“I never thought i’d making a living doing this,” Chris Ware explains, candidly. “I just thought i’d be a weird guy on the street shuffling around with tattered notebooks.” Maybe he’s half-kidding, or at least winkingly slightly. It’s hard to say. He’s hard person to read. But the cartoonist is nothing if not candid to a fault when it come to discussing his art and the work that goes into it. As we sit in a bare hotel room on one particularly cold early morning in Brooklyn, he’s more than happy to deconstruct the process of creating some of comics’ most complex and layered work. Perhaps he’s feeling especially introspective, following the recent publication of the massive Monograph, a 280 page art work that doubles as something of a career retrospective, with Ware deconstructing his own work in the marginalia. It’s a beautiful and lovingly crafted mid-career examination of one of the art form’s most important figures. If you tell him that, of course, he’ll likely thank you effusively, as though it isn’t something fans suggest to him on a fairly regular basis.

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Episode 250: Cecil Castellucci

30Dec

“Sometimes I’ll write something and I’ll weep while I’m writing it,” Cecil Castellucci explains, as we wrap up the interview with one final question. “It’s like I’m getting as close as possible to being human.” She gets close to that state just answering the question. Creation is a pure process for the writer. It’s one that sometimes feels like banging her head against the wall, but it’s an essential part of her existence, from her mid-90s indie rock career as Nerdy Girl, to her career as a young adult novelist that kicked off with 2005’s Boy Proof. Two years later, she collaborated with cartoonist Jim Rugg on The P.L.A.I.N. Janes. Her first graphic novel was a bit among the earliest books that helped form the core of comics’ current YA renaissance. In the subsequent decade, Castellucci has been prolific in both mediums, including a run on the D.C. superhero book, Shade, The Changing Girl and the upcoming Don’t Cosplay With my Heart, which draws upon the writer’s own history with fandom.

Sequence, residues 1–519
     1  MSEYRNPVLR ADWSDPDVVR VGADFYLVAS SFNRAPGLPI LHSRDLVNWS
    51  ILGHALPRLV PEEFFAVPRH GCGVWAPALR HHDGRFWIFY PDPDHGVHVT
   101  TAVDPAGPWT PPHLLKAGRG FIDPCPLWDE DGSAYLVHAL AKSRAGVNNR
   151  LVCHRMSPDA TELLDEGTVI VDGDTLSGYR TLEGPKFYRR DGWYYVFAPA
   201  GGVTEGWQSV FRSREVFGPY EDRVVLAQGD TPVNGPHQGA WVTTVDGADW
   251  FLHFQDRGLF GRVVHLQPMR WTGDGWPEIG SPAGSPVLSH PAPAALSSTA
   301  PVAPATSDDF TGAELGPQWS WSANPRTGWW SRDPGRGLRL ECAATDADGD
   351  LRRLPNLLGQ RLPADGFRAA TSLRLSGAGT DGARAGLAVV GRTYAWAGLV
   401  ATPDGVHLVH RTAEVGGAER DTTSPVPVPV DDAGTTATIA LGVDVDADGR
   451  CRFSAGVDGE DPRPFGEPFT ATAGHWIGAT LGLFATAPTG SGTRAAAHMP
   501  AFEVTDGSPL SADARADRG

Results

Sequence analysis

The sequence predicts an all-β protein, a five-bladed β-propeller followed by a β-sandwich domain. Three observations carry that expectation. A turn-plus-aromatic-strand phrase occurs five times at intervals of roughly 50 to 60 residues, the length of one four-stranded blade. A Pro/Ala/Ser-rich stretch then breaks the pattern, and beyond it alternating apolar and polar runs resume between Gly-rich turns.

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Episode 249: Nidhi Chanani

23Dec

We sit down on a pair of chair in the First Second booth, smack in the middle of a crowded New York Comic Con show floor early on a Saturday. Nidhi Chanani is still high from the release of her debut graphic novel, Pashmina, which only hit store shelves a few day prior. The book tells the sort of a young Indian-American girl’s fantastic journey, as she reconnects with the homeland she left at a young age. There are certain parallels to Chanani’s own life, though the author’s earlier attempt at straight autobiography had been scrapped sometime before starting on her debut. It was a false start at a first comic that taught her a lot, but perhaps hit a bit too close to home. “Every bad drawing is going to teach you something,” she explains. “So 200 pages of bad drawing is definitely going to teach you something.” Pashmina, on the other hand, has garnered a warm reception in the intervening months, particularly among schools and libraries. In this conversation, we discuss cultural identities, the artist’s struggles with art school and the pains and pleasures of putting a book out into the world.

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Episode 248: Janelle Hessig

17Dec

Founded in 1990, Tales of Blarg became one of the longest running and most influential zines out of the East Bay punk scene that gave the world Lookout Records. Over the years, the it published the work of such Northern California punk rock luminaries as Aaron Cometbus, Iggy Scam, Lawrence Livermore and Robert Eggplant. Janelle Hessig (née Blarg) hasn’t published an issue since 2006, but the writer/cartoonist is still strongly invested in the world of independent publishing. (And inspired a song by Bratmobile along the way.) For years, she worked for Last Gasp, and these days publishes other artists’ work through her own publishing house, when she’s not on the clock at San Francisco PBS affiliate, KQED. In 2014, she published The Cruising Diaries, a collection of writer Brontez Purnell, which Hessig also illustrated. Next year, Gimme Action will publish Rotten Philosophies, a personal collection of work from Hessig, who spent much of last year battling breast cancer. Hessig recommended a local San Francisco bar decorated with work inspired by outsider artist Henry Darger for this conversation, which touches on the importance of self-publishing, the downside of the internet and living day to day with a life threatening disease.